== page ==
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  1. ArchDaily
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  3. Venice: City in Peril

Venice: City in Peril

Venice: City in Peril
Photo by Tambako the Jaguar - http://www.flickr.com/photos/tambako/. Used under <a href='https://creativecommons.org/licenses/by-sa/2.0/'>Creative Commons</a>
Photo by Tambako the Jaguar - http://www.flickr.com/photos/tambako/. Used under Creative Commons

Venice is commonly regarded as one of the wonders of the world, attracting over 17 million tourists each year. However, the city of Venice faces ongoing problems that threaten its ability to stay above water. The city’s flooding issues are notorious around the world. Every year water surges through its legendary labyrinth of streets wreaking havoc on architectural gems such as the Palazzo San Marco. With its architecture under threat, and dwindling population as many young people flock to the mainland, it is appropriate to think of Venice as a dying relic.

In addition to the rising waters, Venice faces the problem of a diminishing population and an increasing influx of tourists that locals are incapable of keeping up with. Up to 60,000 tourists can enter the city on any given day, doubling the population. Those numbers can augment even further during popular cultural events like the city’s famous film festival. Matteo Secchi, and spokesman for a local protest group, venessi.com, says that, “There are no more people, there is no more culture, and there is no Venetian way of life, as the city is every day more like a museum.”

Venice crowds, Photo by mararie - http://www.flickr.com/photos/mararie/. Used under <a href='https://creativecommons.org/licenses/by-sa/2.0/'>Creative Commons</a>
Venice crowds, Photo by mararie - http://www.flickr.com/photos/mararie/. Used under Creative Commons

In 2009, the population was estimated to have fallen below 60,000, but the Venetians that are left are incredibly resilient, intelligent, and active people. Most Venetians don’t blame tourists because they are aware that the city needs them in order to survive. The city’s population is striving to diversify the city’s business away from tourism so fewer residents will leave to take jobs on the mainland.

Ponte Rialto, Photo by llamnudds - http://www.flickr.com/photos/llamnuds/. Used under <a href='https://creativecommons.org/licenses/by-sa/2.0/'>Creative Commons</a>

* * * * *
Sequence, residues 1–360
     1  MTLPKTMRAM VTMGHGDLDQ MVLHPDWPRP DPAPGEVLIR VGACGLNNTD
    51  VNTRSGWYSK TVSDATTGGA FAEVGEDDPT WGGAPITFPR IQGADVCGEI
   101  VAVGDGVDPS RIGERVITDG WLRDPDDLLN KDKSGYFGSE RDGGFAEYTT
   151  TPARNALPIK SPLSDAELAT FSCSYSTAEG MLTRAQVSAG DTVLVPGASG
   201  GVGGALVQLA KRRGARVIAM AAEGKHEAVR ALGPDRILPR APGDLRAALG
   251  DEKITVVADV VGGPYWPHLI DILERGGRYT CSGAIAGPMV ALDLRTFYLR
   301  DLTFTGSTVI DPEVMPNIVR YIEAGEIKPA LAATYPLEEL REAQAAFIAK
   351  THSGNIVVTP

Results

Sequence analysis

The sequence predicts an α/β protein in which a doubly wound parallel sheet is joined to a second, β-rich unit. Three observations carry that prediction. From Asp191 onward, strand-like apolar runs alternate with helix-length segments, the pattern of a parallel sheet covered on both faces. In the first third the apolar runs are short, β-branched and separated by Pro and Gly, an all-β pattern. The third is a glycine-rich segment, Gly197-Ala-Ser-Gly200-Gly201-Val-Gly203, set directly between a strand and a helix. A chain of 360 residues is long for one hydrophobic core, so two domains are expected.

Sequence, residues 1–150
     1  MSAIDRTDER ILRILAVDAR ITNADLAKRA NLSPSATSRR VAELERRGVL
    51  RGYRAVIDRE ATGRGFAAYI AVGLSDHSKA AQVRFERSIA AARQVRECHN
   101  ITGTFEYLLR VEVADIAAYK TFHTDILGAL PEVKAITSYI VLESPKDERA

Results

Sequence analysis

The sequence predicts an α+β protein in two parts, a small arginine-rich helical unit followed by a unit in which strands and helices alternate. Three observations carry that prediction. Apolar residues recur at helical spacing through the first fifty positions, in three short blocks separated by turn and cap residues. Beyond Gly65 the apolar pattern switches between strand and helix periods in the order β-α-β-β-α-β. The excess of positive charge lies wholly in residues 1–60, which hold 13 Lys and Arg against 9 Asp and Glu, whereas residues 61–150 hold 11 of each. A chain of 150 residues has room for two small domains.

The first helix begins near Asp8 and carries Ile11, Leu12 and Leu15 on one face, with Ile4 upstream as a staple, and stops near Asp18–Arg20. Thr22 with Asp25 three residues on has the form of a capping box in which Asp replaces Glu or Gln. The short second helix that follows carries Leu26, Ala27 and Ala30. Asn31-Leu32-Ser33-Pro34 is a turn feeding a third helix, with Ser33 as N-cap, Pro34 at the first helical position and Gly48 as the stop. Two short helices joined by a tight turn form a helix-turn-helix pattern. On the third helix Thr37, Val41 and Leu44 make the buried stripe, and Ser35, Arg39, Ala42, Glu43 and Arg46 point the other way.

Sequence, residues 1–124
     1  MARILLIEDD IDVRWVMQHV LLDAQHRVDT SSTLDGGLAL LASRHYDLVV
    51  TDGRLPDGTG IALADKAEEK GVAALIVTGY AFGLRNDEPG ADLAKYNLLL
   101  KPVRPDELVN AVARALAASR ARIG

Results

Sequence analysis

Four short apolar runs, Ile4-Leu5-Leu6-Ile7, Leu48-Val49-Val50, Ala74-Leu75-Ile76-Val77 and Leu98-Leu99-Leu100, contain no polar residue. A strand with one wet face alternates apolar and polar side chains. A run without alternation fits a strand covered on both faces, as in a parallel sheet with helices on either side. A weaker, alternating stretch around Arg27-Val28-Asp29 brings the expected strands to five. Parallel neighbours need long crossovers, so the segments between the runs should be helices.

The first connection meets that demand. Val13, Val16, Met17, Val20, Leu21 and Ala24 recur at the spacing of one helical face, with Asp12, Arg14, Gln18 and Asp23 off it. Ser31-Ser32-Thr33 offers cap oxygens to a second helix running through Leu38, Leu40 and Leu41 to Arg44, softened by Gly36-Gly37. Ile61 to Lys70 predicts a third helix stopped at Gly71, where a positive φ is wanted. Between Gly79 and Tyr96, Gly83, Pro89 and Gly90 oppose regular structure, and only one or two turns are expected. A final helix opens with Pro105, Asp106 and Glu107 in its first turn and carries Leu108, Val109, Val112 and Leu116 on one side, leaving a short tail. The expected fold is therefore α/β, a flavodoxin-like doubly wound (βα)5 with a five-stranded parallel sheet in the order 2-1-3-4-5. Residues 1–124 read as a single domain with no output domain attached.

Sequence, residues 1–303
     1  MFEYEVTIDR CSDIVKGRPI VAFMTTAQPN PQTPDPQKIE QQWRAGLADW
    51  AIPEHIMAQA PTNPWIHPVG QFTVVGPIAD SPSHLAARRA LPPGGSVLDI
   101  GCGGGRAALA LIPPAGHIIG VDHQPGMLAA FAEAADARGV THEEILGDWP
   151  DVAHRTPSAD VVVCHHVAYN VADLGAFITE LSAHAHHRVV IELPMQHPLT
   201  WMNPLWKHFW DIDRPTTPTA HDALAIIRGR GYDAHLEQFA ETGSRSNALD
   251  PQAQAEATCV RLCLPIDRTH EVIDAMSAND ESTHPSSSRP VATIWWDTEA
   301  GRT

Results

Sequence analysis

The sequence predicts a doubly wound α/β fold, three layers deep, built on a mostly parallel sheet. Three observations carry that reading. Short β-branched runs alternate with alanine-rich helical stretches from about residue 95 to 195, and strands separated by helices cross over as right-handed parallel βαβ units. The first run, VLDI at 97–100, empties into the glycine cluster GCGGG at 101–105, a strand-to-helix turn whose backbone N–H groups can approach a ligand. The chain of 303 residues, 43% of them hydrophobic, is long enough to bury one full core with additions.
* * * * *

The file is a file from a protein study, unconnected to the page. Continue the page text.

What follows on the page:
Ponte Rialto, Photo by llamnudds - http://www.flickr.com/photos/llamnuds/. Used under Creative Commons

Even though Italy is on the verge of bankruptcy, much of the money from Italy’s central government to the city has gone into funding the controversial billion-dollar MOSE flood defense project. Expected for completion in 2014, it is anticipated to cease the tide of sea water coming into the city. One doesn’t even discuss the possibility of the project not working because of the amount of money and energy spent on resources for the project. Despite these lugubrious facts, Venice has always been a city in peril since its beginnings. It has been attacked several times by military enemies, battled flood waters for centuries, and now it contests with the influx of tourists.

annual flooding, Photo by gwenflickr - http://www.flickr.com/photos/piaser/. Used under <a href='https://creativecommons.org/licenses/by-sa/2.0/'>Creative Commons</a>
annual flooding, Photo by gwenflickr - http://www.flickr.com/photos/piaser/. Used under Creative Commons

Photographs: Flickr user: Tambako the Jaguar, Flickr user: mjb7q, Flickr user: mararie, Flickr user: llamnudds, Flickr user: Jon Shave, Flickr user: HollywoodPimp, Flickr user: gwenflickr, Flickr user: dvdqueenan, Flickr user: billandcathy References: National Geographic

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About this author
Brian Pagnotta
Author
Cite: Brian Pagnotta. "Venice: City in Peril" 20 Aug 2011. ArchDaily. Accessed . <https://www.archdaily.com/158009/venice-city-in-peril/> ISSN 0719-8884
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